There are two elements of learning that seem almost opposite, yet, each contribute immeasurably to the ability of a person to learn. Without these two elements, a person does not learn as deeply as they could. When designing a learning intervention, you need to design both high levels of activity as well as quiet times for reflection. You can not have true learning success without both of these activities within a learning design.
Learning is about action, activity and engagement. The learner needs to be practicing the task he or she undertakes, the learner needs to be engaged in the instruction and working in an authentic or realistic environment. The learner needs to be “doing.” He or she needs to be interacting with the content, making decisions and seeing firsthand the consequences of those actions and activities. The learner needs to see cause and effective…if I do that…this will happen. He or she needs to be actively engaged in practicing the task before them. The more practice, the better the ultimate performance. Purposeful practice of tasks leads to learning. Games can provide opportunities to practice skills and performing tasks but games aren’t required, many learning tasks can be practiced and should be practiced. We require practice of doctors, sports stars and pilots…we need to have practice for sales representatives, order entry clerks and folks on the shipping docks. The need to practice and to be active in learning is fundamental to learning.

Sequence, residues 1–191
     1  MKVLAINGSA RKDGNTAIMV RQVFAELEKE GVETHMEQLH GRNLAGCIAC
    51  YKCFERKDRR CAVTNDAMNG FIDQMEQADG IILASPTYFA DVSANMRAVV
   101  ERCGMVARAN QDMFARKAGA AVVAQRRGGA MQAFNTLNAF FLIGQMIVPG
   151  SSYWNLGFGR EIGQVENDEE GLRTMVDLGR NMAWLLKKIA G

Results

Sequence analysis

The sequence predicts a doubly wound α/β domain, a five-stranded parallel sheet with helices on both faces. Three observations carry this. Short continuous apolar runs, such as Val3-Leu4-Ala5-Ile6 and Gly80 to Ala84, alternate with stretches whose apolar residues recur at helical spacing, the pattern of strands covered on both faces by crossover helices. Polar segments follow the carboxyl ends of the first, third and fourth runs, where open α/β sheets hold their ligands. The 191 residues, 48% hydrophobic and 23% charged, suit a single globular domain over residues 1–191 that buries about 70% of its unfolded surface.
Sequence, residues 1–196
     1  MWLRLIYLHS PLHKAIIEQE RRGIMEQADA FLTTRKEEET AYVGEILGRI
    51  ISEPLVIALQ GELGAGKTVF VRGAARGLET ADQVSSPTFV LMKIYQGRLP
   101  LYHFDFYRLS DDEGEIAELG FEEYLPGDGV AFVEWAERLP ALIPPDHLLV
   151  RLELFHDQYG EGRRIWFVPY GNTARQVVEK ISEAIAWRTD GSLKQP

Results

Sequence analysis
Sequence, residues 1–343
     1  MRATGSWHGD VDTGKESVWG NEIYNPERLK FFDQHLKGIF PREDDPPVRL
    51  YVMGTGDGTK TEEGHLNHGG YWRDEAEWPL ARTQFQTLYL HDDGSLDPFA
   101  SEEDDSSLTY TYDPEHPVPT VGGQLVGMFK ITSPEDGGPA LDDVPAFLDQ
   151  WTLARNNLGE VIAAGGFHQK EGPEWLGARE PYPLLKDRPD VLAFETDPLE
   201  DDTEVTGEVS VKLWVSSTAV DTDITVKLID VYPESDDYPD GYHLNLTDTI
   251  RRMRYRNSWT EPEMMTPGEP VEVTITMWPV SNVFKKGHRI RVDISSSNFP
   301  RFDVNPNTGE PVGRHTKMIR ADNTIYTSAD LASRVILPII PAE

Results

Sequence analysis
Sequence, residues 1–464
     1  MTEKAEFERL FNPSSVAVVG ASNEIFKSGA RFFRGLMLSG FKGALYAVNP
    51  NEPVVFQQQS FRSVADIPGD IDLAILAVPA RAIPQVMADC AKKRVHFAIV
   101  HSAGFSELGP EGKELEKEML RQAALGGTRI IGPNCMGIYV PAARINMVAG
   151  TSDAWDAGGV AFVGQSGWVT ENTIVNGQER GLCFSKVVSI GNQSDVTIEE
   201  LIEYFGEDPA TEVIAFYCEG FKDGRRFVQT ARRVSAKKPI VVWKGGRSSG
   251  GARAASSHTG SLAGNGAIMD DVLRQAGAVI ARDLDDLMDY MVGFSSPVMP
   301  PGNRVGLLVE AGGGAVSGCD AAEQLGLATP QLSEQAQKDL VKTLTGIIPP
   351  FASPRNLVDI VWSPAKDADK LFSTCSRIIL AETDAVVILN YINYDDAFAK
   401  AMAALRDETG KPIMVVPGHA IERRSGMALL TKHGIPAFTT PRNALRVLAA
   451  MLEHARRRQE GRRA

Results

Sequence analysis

Learning comes from quiet reflection. An experience without reflection is just an experience…its not learning. After an activity or experience is over and the learner sits back and reflects upon what happened, that’s when learning occurs. When a learner has a chance to view his or her actions through a detached and distant lens, he or she gains insights into behaviors and the proper way of performing a function. After Action Reviews (AAR) are an excellent method of gathering lessons learned based on dissecting previous actions and learning what worked well and what needed improvement. Quiet reflection leads to learning. We reflect on our activities of the day and we resolve to improve, to learn from our mistakes to do it differently next time. We read a book and reach in individual epiphany and learn what we need to do better, differently, more intensely…this is learning from reflection.
As Peter Drucker has been rumored to have said:
“Follow effective action with quiet reflection. From the quiet reflection will come even more effective action.”
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So when you sit down to design your instruction, ensure you have both heavy periods of activity as well as time for quiet reflection. Without both, you are doing your learners a dis-service.